1. Field-parametrization dependence of Dirac's method for constrained Hamiltonians with first-class constraints: failure or triumph? Non-covariant models

    CERN Document Server

    Kiriushcheva, N; Kuzmin, S V

    2011-01-01

    We argue that the field-parametrization dependence of Dirac's procedure, for Hamiltonians with first-class constraints not only preserves covariance in covariant theories, but in non-covariant gauge theories it allows one to find the natural field parametrization in which the Hamiltonian formulation automatically leads to the simplest gauge symmetry.

  2. Rapid integumental color changes due to novel iridophores in the chameleon sand tilefish Hoplolatilus chlupatyi.

    Science.gov (United States)

    Goda, Makoto

    2017-05-01

    The wavelength of the light reflected from iridophores depends on the thickness and the spacing of intracellular reflecting platelets. Here, we show that the rapid color change from blue to red of the chameleon sand tilefish Hoplolatilus chlupatyi is mediated by adrenergic stimulation of a novel type of iridophore in which reflecting platelets are concentrated selectively in the periphery of the cell, near the plasma membrane. The color changes are not only observed in vivo but also in pigment cells of isolated scales which respond to increases in K(+) ion concentrations in 0.5 s and to addition of norepinephrine within 1 s. The norepinephrine effect can be blocked by addition of the alpha-adrenergic antagonist phentolamine. The results suggest that adrenergic stimulation leads to changes in reflecting platelet organization in Hoplolatilus chlupatyi iridophores and represents the major mediator of the rapid color change in this fish in vivo. © 2017 John Wiley & Sons A/S. Published by John Wiley & Sons Ltd.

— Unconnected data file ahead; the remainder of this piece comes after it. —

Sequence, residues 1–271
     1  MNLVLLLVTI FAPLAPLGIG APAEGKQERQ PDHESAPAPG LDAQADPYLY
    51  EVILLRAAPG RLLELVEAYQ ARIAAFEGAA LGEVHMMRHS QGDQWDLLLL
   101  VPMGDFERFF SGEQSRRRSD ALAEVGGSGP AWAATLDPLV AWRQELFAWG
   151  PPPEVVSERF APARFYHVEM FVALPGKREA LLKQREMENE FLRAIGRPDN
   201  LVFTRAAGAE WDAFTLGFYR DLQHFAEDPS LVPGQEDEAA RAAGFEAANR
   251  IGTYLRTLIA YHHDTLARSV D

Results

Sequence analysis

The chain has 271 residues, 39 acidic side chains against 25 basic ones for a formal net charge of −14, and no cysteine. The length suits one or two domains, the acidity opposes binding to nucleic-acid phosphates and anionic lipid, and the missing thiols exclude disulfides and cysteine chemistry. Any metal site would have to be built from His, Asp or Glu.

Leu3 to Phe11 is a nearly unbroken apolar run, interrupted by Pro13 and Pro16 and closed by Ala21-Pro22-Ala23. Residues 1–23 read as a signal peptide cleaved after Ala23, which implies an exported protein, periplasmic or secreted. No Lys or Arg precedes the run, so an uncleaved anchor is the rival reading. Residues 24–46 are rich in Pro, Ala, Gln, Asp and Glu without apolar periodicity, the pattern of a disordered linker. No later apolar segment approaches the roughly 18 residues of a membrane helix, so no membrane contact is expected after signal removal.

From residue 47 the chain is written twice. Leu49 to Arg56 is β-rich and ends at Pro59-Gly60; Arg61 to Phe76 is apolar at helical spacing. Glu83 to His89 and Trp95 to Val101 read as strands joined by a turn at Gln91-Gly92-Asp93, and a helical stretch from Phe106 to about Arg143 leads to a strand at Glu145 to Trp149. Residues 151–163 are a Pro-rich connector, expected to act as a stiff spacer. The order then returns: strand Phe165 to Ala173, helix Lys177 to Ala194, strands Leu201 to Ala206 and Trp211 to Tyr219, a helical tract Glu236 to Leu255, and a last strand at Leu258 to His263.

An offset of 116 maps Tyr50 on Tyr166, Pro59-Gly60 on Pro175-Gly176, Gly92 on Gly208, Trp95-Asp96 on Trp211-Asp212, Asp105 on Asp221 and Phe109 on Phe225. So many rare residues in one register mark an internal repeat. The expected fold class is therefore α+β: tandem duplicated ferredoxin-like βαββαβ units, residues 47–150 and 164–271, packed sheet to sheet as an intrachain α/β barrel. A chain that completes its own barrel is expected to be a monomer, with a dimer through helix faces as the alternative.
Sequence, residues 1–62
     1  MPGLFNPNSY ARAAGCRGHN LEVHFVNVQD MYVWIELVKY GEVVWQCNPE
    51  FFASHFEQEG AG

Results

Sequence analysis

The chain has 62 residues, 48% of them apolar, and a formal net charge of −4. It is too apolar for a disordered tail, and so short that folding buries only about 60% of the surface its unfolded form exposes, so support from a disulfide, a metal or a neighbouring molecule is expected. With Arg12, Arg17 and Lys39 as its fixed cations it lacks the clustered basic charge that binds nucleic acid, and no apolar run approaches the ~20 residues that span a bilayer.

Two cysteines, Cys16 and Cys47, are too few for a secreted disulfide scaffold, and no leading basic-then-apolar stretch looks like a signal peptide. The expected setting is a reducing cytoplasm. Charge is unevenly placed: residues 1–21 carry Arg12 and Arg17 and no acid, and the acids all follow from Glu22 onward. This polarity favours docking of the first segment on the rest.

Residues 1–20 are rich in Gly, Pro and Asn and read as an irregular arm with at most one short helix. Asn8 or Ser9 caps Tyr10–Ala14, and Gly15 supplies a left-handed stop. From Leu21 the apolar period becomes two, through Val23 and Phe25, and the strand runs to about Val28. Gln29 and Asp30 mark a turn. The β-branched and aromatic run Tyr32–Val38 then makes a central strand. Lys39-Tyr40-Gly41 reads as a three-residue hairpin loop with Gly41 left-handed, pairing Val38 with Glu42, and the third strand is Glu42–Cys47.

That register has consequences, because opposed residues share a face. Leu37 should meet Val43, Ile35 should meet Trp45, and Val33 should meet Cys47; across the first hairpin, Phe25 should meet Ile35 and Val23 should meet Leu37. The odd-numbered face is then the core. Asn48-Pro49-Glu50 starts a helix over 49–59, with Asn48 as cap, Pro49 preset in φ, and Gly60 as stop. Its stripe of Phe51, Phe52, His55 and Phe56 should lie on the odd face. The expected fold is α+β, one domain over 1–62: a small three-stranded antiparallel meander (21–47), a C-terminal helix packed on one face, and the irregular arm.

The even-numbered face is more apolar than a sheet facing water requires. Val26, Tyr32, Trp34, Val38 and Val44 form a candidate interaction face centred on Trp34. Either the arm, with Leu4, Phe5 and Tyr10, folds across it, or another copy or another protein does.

3. Cluster abundance in chameleon f(R) gravity I: toward an accurate halo mass function prediction

    Science.gov (United States)

    Cataneo, Matteo; Rapetti, David; Lombriser, Lucas; Li, Baojiu

    2016-12-01

    We refine the mass and environment dependent spherical collapse model of chameleon f(R) gravity by calibrating a phenomenological correction inspired by the parameterized post-Friedmann framework against high-resolution N-body simulations. We employ our method to predict the corresponding modified halo mass function, and provide fitting formulas to calculate the enhancement of the f(R) halo abundance with respect to that of General Relativity (GR) within a precision of lesssim 5% from the results obtained in the simulations. Similar accuracy can be achieved for the full f(R) mass function on the condition that the modeling of the reference GR abundance of halos is accurate at the percent level. We use our fits to forecast constraints on the additional scalar degree of freedom of the theory, finding that upper bounds competitive with current Solar System tests are within reach of cluster number count analyses from ongoing and upcoming surveys at much larger scales. Importantly, the flexibility of our method allows also for this to be applied to other scalar-tensor theories characterized by a mass and environment dependent spherical collapse.

  4. Ballistic tongue projection in chameleons maintains high performance at low temperature.

    Science.gov (United States)

    Anderson, Christopher V; Deban, Stephen M

    2010-03-23